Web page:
“In the court of most Jewish homes sat water pots. These stored water not only for cleansing and cooking, but also for the ritual washing of the hands and feet of guests. The host would show respect for the guest by offering a filled pot, and the guest would plunge the lower part of both arms into the water, which ceremonially washed off any pagan contamination. It was also the practice among many Jews to so wash before eating. The criticism leveled at the Lord about the disciples eating grain in a field without first washing had to do with this practice. (See Mark 7:1–5.)
“The custom of ritual washing required a great amount of water if one entertained many guests. Thus, the water pots were often quite large. At the marriage feast in Cana, during which Jesus performed his first miracle (see John 2:1–11), John tells us that there were six empty water pots ‘after the manner of the purifying of the Jews, containing two or three firkins apiece’ (John 2:6). Firkin translates the Greek word metretes, a unit of measure equal to about ten (U.S.) gallons. The total amount the six pots held would therefore be between 120 and 180 U. S. gallons.” (Richard D. Draper, “Home Life at the Time of Christ,” Ensign, Sept. 1987, 58)
“The Pharisees and the Essenes…believed in something called the ‘oral’ Law. This was a body of oral traditions which interpreted the written Law of Moses and applied it to new situations. It was often claimed that these traditions had been given to Moses on Mount Sinai; but actually they were attempts of later teachers to ‘fine-tune’ the Law of Moses. This was done (in the absence of revelation) in an effort to extend or even to alter the requirements of the Law in the face of changing social circumstances.” (Stephen E. Robinson, “The Law after Christ,” Ensign, Sept. 1983, 69)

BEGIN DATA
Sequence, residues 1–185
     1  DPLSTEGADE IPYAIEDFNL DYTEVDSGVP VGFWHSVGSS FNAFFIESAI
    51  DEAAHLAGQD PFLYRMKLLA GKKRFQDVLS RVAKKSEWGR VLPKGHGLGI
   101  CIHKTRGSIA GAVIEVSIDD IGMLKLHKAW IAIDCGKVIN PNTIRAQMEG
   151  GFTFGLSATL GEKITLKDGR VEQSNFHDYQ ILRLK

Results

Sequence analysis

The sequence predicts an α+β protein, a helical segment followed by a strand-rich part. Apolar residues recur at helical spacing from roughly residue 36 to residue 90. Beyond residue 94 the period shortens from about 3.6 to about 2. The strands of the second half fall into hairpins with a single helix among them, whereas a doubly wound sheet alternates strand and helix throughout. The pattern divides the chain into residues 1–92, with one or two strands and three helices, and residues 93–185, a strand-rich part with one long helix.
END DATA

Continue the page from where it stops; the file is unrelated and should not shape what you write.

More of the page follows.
“Often called ‘the tradition of men’ or ‘the traditions of the fathers’ (Mark 7:8; Gal. 1:14.), these interpretations and commentaries on the law in large measure came to govern Jewish life. Had the Pharisees been more intense in their study of the law itself rather than in the commentaries upon it, they might have recognized Jesus as the promised Messiah. And had they been more eager to apply its teachings rather than to seek for further things they could not understand, they might have been able to accept him.” (Robert L. Millet, “Looking beyond the Mark: Why Many Did Not Accept the Messiah,” Ensign, July 1987, 61)
Traditions can be good or bad. The Pharisees are not the only ones guilty of placing traditions before the word of God. Let us not allow ourselves to be hindered and prevented by merely human tradition particularly that deals with ritual purity from knowing, doing and believing what is right, just, and true. There are many Christian, whose faith and commitment, after sacrificing all they have for the work of God, fly to pieces like glass as soon as anything comes that is contrary to their traditions.